Once installed, the agency will be able to monitor 14 tunnels connecting Manhattan to Long Island, New Jersey and the northern suburbs. The MTA plans to spend $400 million on anti-terrorist projects this year.

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At the Susquehanna River

Two photos: Amtrak Ink

An Amtrak regional train passes over Susquehanna River Movable Bridge, at milepost 60.2. One of two tracks has been closed over the span between Perryville and Havre de Grace, Md., during July and August for a 42-day, $3 million project to replace ties and rails.


Susquehanna River

Maryland bridge gets new rails, ties

Major track work began this month on the Susquehanna River Bridge, about halfway between Baltimore and Wilmington, Del. A host of Amtrak departments are working together on the rehabilitation project, and represents one of Amtrak’s largest bridge-tie replacement jobs in decades, according to the July issue of Amtrak Ink. The publication is a monthly report to employees systemwide.

Carrying nearly 90 Amtrak trains across the river each weekday, this 4,164 foot-long double-tracked bridge carries the Northeast Corridor.

Scheduled to take 42 days, the capital project upgrades No. 3 track, replacing cracked and worn ties and tieplates, which are approaching the end of their life cycle – and is in keeping with the company’s goal to put the railroad in a state of good repair.

The nearly $3 million project includes installing some 3,200 bridge ties (which were ordered in advance last year), installing new continuously welded rail, and replacing a full-length center walkway and handrail on the outside of No. 3 track.

The project requires that No. 3 track be out of service entirely, while night outages on No. 2 track allow work trains to carry materials to the job site. An electric traction team (or “gang,” on the railroad) has de-energized No. 3 track for the duration of the project and does the same with No. 2 track nightly when there are no more scheduled trains.

Working north to south, the Engineering department’s System Production Bridge Rehabilitation and System Production Track gangs remove existing guard and running rail and bridge ties, distribute and put in place new bridge ties and temporary jointed rail, and install the new continuously welded rail.

Bundles of replacement ties

Bundles of more than 3,000 bridge ties that are slated to be inserted on the Susquehanna River Bridge are checked by B&B mechanic Dave Settlemyre. The ties vary in size and are numbered according to their specific placement on the bridge.


Meanwhile, the Communications & Signals department provides around-the-clock coverage at Perryville to maintain signals once the rail line is “broken,” and makes temporary modifications at Perryville to accommodate single-track movement and the dispatcher’s control at interlockings.

Considering the scope of the project, the train delays are minimal because the block being worked on comprises a short distance. The single-track operation does not affect northbound trains, while southbound trains are experiencing minimal delays that result from trains crossing over to No. 2 track before the bridge, then crossing over to No. 3 track and finally to No. 4 track south of the bridge. The Operations Planning department worked closely with the Mid-Atlantic Division and the Engineering department to develop a revised operating schedule that includes minimal delays at Baltimore, BWI, New Carrollton and Washington stations.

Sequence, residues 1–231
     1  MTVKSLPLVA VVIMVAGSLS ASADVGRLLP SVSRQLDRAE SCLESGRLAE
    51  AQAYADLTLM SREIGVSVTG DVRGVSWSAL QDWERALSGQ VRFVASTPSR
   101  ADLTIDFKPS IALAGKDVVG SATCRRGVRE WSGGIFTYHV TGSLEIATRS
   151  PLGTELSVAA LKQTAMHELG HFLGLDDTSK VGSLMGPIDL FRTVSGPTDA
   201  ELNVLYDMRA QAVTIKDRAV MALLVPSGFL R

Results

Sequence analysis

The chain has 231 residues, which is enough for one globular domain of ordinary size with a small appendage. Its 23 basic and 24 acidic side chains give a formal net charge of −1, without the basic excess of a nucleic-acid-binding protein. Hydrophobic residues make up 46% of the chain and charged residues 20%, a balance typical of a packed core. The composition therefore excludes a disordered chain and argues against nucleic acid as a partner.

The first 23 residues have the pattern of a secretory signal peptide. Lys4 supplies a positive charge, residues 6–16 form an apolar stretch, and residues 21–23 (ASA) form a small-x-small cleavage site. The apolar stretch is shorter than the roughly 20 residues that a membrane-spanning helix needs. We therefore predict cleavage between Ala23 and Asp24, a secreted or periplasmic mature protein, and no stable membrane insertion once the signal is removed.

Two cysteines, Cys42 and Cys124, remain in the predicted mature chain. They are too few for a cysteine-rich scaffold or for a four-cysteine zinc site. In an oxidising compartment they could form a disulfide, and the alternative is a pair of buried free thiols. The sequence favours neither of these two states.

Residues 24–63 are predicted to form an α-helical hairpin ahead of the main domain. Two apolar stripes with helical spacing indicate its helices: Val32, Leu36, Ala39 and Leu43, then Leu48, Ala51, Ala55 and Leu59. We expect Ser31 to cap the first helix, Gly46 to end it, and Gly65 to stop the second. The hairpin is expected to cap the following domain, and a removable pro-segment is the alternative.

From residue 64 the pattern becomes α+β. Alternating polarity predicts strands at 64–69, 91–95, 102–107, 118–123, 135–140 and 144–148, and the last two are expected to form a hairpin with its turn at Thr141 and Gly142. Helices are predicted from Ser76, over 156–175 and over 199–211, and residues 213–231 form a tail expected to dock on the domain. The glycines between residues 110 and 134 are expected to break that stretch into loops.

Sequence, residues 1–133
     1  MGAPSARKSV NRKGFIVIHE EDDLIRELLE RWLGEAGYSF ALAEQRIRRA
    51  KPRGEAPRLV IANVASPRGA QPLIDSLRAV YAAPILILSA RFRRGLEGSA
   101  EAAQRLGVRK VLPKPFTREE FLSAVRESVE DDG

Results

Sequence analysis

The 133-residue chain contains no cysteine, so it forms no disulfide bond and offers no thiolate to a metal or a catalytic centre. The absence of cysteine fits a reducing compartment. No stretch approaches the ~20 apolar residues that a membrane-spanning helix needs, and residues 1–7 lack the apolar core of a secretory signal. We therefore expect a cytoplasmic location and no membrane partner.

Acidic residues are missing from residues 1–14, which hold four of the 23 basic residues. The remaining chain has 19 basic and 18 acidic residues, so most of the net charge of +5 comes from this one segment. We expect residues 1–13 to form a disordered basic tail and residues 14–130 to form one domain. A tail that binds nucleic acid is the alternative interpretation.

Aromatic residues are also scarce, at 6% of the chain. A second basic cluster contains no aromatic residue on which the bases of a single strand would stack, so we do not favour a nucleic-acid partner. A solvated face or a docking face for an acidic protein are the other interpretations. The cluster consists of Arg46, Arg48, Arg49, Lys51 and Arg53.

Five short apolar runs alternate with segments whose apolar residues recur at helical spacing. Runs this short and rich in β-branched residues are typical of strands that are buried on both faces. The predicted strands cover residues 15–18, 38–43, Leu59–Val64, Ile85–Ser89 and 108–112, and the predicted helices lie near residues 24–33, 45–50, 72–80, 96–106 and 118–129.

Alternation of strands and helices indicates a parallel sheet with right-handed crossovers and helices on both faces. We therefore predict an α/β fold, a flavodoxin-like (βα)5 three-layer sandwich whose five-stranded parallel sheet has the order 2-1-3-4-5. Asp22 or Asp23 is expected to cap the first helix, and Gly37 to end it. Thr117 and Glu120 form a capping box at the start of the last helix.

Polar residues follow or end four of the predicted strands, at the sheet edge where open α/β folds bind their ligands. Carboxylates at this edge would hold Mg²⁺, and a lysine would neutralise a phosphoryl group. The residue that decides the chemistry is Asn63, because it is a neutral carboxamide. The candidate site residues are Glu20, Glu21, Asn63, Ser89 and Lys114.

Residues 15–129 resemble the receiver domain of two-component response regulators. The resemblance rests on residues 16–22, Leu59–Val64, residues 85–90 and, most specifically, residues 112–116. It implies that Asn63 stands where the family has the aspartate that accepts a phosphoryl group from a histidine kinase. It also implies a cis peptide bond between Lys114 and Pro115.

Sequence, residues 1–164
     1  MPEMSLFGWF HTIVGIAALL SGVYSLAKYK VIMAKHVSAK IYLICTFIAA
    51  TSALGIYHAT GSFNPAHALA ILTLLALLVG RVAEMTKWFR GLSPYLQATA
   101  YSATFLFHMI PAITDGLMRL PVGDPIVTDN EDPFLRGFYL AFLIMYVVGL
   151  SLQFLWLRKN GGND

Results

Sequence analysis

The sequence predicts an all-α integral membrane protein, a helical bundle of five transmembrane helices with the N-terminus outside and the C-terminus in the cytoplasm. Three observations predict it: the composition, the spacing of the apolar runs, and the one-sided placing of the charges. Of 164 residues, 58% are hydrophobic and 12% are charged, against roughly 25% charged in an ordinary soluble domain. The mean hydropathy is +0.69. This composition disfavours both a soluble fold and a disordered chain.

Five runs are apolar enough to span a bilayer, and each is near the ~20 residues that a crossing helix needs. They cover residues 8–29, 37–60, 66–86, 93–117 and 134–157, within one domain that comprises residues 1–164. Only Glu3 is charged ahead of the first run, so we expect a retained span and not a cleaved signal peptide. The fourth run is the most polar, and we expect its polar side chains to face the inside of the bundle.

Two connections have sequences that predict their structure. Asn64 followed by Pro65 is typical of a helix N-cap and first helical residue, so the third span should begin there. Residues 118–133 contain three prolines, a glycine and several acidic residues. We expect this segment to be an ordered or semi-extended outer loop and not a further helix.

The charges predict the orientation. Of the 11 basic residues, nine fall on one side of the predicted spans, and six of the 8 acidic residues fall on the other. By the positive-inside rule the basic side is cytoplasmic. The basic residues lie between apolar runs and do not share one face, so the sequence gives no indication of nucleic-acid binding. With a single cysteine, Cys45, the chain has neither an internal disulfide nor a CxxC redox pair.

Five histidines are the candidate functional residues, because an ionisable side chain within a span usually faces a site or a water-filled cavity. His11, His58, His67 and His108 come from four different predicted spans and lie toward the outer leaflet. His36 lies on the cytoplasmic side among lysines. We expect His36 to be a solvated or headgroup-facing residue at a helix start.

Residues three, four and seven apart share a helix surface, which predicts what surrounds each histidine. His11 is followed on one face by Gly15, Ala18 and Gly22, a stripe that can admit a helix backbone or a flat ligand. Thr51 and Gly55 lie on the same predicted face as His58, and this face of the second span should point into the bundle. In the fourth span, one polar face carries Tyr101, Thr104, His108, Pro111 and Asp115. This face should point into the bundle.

The U.S. Coast Guard approved Amtrak’s request to close the bridge’s draw span to river traffic for the duration of the project.

Preliminary work to remove the pre-existing center walkway, handrail and escape bays on the outside of No. 3 track began approximately three months ago. Because of that, employees are equipped with fall protection in the form of full-body harnesses, retractable and static lanyards and anchorage points.

As an additional safety precaution, an Amtrak Bridges & Buildings work boat Clyde and an operator are available for use during tie removal and installation work to ensure worker safety, and to gather and remove any floating debris that may fall from the bridge and cause a hazard for boaters.

“These safety precautions are a critical part of this project – it’s like having someone work on a ten-story building,” said Tom Olechowski, Engineering’s program director.

At the conclusion of each shift, temporary wooden barricades are placed at the end of the completed walkway and handrail until the entire walkway and handrail installation is complete.

The project began in early July, and work is planned around the clock until August 19, when track No. 3 will return to full service. Other bridge tie jobs for much smaller bridges have been completed over multiple 55-hour weekend outages, but a job like the Susquehanna would require 30 55-hour weekend outages to accomplish.

“Instead of bringing the gangs and equipment back and forth for 30 or more weekends, it was determined that a single-track outage over 42 days would have the least impact on resources, manpower and our customers,” stated Olechowski.

A similar capital project for No. 2 track is planned next year.

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How things go wrong

Last Wednesday, a Union Pacific freight train rolling over BNSF tracks at Verdemont, Calif., eight miles east of San Bernardino, went on the ground.

It was aggravating, of course, but not an uncommon occurrence.